TRIBUTE TO HEROES: Ballina's Macca McCallum (second from left) at the unveiling of a statue of tracker dog Caesar at Ingleburn, south-west of Sydney, with other Vietnam veterans who also served as Caesar's handlers during the war.
TRIBUTE TO HEROES: Ballina's Macca McCallum (second from left) at the unveiling of a statue of tracker dog Caesar at Ingleburn, south-west of Sydney, with other Vietnam veterans who also served as Caesar's handlers during the war. Contributed

For Macca it "ripped his guts out” to leave a mate behind

WHEN Ballina's Macca McCallum finished his tour of duty in the Vietnam War in 1969, it "ripped his guts out” that he had to leave behind one particular mate.

That mate was a a four-legged soldier with the regimental number D6N03, tracker dog Caesar.

Caesar served in Vietnam from 1967-1970, but the black labrador-kelpie cross didn't come home.

He was re-housed at the British Embassy with a Royal Air Force group captain as the Australian troops pulled out of South Vietnam, but his fate following the North Vietnamese army's take over of the southern capital in 1975 is unknown.

Mr McCallum said he was proud the weekend before last to attend the unveiling at Ingleburn, south-west of Sydney, of a statue of Caesar near where the infantry tracker dog training centre once stood.

It's part of a tribute to war dogs.

Mr McCallum said the work of the tracker dogs in the Vietnam War was not well known, and he was pleased Caesar represented the 11 tracker dogs which served with the Australian troops in Vietnam.

Mr McCallum was part of the tracker dog team for the 1st Battalion, the Royal Australian Regiment, and he was Caesar's third handler of seven.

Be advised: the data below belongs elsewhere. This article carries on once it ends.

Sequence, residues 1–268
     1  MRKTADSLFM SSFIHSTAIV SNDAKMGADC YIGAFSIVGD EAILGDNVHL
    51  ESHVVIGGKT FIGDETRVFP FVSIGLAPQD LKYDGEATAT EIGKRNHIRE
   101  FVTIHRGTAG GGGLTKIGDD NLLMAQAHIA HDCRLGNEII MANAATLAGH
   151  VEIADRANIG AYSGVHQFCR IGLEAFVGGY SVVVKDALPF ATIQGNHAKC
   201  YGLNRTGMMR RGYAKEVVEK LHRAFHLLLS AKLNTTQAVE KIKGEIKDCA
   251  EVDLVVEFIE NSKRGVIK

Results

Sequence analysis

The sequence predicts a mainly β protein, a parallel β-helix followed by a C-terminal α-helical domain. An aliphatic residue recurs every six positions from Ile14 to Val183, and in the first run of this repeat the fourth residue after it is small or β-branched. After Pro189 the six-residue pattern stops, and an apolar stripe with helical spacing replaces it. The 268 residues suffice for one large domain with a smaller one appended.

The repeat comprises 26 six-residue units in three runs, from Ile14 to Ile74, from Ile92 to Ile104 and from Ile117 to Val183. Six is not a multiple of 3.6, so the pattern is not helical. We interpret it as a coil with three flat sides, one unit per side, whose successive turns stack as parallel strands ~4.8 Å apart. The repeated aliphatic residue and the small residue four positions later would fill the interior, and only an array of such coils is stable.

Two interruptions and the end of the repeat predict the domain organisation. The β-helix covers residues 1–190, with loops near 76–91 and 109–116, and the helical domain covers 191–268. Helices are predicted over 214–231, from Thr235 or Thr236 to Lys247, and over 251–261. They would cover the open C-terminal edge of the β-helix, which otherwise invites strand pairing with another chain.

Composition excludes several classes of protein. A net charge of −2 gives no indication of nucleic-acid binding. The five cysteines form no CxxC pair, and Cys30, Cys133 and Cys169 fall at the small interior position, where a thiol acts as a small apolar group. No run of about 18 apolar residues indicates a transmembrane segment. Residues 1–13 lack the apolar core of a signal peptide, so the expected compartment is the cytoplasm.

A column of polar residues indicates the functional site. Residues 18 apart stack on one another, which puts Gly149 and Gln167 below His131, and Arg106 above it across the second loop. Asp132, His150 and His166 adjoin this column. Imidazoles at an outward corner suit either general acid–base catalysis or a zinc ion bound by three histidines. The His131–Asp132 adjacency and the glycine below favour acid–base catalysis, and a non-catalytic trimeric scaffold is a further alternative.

When 1RAR began its tour of duty in 1968, Mr McCallum was three months short of the minimum age of 19 to serve overseas.

With a background on a sheep farm near Dubbo, and used to working with sheep dogs, he agreed to be trained as a tracker dog handler at Ingleburn while he waited to be deployed.

He was teamed up with Caesar, a dog bought from a Sydney refuge by the army, when he arrived at Nui Dat in South Vietnam.

The role of the tracker dog teams, made up of a dog, a handler and two visual trackers, a machine gunner and a signalman, was to follow up on contacts with the enemy.

The dogs were trained to follow the scent of the enemy.

The dog, on a 10m leash to its handler, and the tracker team would lead troops through rice paddies or into the jungle, with the handler working with hand signals or tugs of the leash to work with the dog in silence.

Mr McCallum said he and Caesar just "hit it off”.

"He was a brilliant dog. And he was a brilliant tracker. He could follow an ant across a sandhill,” he said.

But quarantine restrictions meant that none of the tracker dogs returned home to Australia.



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